This is the world in which the anthropologist also lives. Lea minces no words about the liberal rationalism that brings bureaucrats and anthropologists into proximity; rather than simply chiding bureaucratized perceptions for their limitations, anthropologists might also want “to comprehend the cultural habits we share with their formulators” (ibid.: 234). What is interesting in Lea’s rehearsal of this stance, which has been the subject of much debate in the discipline at large (“trying to make sense of people whose job it is to produce sense,” as she puts it [ibid.]), is her emphasis on the task of description. “We” anthropologists “are ensnared by the same belief in the power of representation to bring the misconceptions of others to correcting light”’ (ibid.). Her monograph concludes that, for all the problems there are,

it can be liberating to gain some sense of the lived-in, externally driven and consensual limits on our own agency. Or at least that is my hope, a hope which is the ultimate honouring of bureaucratic magic and the faith it sustains in the power of description to amend conceptualizations of how the world “really is,” and with that improved perception to somehow yield a better outcome. (Lea 2008: 237)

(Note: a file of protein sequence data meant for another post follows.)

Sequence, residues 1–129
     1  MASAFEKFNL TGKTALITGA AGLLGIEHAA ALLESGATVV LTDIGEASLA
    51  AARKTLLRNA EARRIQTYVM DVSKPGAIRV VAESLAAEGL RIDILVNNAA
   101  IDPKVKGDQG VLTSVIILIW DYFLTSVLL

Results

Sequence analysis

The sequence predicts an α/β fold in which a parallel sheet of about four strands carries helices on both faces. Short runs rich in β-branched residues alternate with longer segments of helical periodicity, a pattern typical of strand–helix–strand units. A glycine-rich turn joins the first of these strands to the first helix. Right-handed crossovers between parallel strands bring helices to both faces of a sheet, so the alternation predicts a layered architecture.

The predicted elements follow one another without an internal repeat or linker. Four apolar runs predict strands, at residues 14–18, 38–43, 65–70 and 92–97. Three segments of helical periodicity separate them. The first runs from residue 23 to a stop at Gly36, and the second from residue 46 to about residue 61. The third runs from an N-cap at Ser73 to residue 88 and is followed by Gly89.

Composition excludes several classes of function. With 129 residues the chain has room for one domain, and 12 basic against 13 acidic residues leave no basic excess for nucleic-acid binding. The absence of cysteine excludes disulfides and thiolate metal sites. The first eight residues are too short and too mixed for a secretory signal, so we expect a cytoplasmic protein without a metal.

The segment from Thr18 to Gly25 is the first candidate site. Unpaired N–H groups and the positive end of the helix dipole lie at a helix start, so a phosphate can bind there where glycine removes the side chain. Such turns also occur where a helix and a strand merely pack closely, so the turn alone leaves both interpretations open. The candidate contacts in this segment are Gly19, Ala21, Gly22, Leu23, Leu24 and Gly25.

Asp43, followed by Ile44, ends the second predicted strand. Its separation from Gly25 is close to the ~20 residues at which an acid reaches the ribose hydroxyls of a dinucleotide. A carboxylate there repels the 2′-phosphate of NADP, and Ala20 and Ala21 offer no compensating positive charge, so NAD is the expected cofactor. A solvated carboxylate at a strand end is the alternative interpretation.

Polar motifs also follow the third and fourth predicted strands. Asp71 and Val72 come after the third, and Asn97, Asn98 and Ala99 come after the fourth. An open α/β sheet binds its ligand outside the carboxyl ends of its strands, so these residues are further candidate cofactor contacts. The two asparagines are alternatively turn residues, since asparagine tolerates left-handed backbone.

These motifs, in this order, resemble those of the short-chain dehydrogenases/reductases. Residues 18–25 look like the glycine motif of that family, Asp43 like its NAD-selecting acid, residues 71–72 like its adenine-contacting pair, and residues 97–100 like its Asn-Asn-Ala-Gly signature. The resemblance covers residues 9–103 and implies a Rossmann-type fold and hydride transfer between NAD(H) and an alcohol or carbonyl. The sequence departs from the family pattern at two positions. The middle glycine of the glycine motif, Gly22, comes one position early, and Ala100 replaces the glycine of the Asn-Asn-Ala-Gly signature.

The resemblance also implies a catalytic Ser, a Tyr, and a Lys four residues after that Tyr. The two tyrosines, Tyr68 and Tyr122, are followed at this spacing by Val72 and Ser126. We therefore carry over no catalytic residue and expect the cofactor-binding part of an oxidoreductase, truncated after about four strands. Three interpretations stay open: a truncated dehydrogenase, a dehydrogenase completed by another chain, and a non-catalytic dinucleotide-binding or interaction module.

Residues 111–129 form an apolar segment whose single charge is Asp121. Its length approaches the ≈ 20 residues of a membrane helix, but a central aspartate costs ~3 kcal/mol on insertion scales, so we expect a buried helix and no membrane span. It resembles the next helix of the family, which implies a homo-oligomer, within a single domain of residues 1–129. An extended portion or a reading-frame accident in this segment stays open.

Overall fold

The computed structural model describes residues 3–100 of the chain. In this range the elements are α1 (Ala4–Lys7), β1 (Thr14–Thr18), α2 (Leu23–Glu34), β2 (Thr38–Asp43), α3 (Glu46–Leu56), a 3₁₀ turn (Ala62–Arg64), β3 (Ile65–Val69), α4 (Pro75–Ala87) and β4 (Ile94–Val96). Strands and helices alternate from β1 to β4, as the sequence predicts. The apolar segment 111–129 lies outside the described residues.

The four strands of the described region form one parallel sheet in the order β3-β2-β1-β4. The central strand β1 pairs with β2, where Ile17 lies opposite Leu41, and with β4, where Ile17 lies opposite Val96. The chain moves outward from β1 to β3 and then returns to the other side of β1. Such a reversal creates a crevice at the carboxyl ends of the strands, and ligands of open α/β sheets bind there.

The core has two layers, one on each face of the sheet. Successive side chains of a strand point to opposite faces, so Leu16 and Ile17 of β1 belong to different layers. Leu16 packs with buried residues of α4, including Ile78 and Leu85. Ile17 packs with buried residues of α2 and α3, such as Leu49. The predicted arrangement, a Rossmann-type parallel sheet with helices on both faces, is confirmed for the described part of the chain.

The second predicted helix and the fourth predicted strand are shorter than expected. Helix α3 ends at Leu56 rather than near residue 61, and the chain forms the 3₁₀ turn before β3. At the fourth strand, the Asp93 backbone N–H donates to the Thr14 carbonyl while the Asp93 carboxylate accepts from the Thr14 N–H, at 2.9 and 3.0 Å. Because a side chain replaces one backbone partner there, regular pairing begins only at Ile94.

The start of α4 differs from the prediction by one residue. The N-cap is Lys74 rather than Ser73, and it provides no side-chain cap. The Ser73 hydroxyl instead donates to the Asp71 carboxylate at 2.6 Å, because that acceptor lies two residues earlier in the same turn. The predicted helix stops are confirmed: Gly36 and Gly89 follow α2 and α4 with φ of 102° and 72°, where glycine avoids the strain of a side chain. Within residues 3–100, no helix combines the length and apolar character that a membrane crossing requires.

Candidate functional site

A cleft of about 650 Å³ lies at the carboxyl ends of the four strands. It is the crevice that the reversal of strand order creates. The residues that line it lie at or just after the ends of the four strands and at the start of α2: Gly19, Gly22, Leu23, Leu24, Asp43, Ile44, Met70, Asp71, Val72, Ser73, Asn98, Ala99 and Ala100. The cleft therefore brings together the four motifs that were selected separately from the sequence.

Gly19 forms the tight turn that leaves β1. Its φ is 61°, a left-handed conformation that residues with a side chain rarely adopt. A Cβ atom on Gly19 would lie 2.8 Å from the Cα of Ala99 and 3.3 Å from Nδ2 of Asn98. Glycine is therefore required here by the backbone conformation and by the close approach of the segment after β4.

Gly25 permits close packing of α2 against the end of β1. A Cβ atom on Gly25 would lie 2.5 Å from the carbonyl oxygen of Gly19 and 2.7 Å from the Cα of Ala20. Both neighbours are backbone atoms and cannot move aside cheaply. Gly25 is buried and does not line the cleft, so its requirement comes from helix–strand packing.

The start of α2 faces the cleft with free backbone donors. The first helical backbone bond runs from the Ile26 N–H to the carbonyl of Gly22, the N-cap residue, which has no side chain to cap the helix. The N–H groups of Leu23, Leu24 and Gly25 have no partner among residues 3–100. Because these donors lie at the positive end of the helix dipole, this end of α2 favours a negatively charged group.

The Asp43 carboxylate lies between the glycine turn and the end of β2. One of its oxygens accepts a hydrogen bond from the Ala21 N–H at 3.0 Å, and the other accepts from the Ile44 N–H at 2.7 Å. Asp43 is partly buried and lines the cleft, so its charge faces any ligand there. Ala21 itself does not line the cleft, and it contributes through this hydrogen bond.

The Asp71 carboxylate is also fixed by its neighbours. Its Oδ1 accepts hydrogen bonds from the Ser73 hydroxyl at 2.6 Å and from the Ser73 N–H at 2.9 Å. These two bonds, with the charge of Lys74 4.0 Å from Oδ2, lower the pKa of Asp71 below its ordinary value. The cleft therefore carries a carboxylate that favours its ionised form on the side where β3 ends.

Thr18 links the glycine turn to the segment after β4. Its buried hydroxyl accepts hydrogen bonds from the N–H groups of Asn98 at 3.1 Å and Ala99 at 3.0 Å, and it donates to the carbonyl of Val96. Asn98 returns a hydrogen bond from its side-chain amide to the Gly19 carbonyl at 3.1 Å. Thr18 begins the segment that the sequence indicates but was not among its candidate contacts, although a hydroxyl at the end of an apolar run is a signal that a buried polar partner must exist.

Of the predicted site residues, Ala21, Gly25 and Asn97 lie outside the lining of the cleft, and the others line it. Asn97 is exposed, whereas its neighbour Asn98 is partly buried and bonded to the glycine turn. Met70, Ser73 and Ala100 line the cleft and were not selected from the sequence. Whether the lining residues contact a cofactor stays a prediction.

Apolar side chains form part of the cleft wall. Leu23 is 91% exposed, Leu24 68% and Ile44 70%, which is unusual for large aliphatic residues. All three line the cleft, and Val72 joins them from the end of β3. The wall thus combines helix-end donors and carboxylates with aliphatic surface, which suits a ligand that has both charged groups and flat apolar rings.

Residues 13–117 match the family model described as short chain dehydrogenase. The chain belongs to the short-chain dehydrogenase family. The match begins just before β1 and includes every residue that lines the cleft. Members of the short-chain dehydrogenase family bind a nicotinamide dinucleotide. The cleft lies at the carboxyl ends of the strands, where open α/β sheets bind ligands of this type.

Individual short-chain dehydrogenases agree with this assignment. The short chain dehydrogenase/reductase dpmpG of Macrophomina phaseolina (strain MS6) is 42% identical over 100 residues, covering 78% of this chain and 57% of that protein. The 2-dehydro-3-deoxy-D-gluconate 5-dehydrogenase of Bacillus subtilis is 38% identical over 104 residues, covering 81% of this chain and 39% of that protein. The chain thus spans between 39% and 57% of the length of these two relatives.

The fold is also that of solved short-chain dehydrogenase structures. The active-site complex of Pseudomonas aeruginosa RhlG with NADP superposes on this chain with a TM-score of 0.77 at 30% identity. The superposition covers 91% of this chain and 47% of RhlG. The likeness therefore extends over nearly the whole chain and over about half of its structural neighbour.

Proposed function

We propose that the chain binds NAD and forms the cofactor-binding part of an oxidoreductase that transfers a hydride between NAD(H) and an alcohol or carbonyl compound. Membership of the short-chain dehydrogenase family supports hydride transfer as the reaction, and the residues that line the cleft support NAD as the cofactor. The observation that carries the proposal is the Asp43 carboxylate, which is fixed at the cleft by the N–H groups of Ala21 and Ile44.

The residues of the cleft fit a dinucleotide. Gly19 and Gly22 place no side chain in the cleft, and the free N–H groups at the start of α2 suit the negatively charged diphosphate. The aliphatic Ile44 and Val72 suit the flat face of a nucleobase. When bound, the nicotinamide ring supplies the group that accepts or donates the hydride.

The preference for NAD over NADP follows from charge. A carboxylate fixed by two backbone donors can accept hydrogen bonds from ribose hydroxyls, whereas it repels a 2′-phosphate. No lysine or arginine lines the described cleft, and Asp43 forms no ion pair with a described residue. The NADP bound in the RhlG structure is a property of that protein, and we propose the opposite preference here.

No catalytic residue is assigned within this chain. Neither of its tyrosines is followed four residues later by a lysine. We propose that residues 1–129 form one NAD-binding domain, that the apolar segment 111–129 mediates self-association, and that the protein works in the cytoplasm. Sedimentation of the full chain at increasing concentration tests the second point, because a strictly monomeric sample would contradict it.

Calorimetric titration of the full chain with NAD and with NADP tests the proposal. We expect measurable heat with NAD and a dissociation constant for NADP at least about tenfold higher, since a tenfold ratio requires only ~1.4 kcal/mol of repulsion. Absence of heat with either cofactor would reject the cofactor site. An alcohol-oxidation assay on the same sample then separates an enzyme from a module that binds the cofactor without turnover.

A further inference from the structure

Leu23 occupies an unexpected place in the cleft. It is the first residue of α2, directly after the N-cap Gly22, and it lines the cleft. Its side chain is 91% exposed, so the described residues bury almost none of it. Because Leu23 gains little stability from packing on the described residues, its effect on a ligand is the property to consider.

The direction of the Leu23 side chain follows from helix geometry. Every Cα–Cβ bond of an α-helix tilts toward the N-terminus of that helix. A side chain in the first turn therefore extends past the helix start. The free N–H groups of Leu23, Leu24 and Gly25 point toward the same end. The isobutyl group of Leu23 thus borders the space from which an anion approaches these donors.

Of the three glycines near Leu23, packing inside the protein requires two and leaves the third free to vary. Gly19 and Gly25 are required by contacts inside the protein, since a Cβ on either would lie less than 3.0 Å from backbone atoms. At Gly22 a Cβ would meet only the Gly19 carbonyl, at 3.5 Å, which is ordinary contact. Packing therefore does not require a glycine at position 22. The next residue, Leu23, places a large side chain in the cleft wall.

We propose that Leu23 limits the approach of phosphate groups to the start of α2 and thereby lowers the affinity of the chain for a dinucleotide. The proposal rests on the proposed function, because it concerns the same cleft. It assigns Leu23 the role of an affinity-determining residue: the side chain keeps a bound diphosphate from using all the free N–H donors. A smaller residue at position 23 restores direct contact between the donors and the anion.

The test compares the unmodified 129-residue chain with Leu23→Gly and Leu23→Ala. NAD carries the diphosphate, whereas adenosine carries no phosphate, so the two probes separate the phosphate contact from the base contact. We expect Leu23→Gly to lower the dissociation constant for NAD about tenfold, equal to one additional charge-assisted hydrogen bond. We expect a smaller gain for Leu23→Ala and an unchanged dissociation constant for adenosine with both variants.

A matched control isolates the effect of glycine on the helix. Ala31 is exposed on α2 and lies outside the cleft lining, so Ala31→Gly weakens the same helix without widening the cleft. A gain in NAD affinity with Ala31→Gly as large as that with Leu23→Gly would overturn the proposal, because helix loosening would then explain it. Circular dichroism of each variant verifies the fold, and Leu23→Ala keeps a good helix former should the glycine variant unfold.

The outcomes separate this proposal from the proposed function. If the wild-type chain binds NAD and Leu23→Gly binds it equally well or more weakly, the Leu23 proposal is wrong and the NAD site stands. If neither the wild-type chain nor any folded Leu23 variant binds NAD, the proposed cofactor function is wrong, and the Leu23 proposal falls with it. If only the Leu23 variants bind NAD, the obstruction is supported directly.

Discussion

To begin with this thoroughly conflicted situation dispenses with the thought that interventions are conflict-free. Yet I have to share the hope that Lea expresses. For someone whose tools of work include making descriptions, it is close to the hope that anthropologists responding to the Japanese earthquake and tsunami of 2011 have powerfully expressed as a matter of retooling (Riles, Miyazaki, and Genda 2012). You don’t abandon your tools: you go back to the tools you already have and reconstruct them according to the current situation. But in the case of those anthropologists dealing with the aftermath of the natural disasters in Japan, you do it with the professionals.5 In a commentary on the Australian material, and with Graeber’s (this volume) contribution in mind, Salmond (pers. comm.)6 poses a similar relational question, this time with respect to anthropologists/bureaucrats and the subjects of their inquiries. There are other ways of interacting, other forms of attentiveness, that might make of the latter something more than a means for improving the internal processes of the former. Of course. Nonetheless, just how relations themselves come into focus as an object of knowledge is of moment in itself.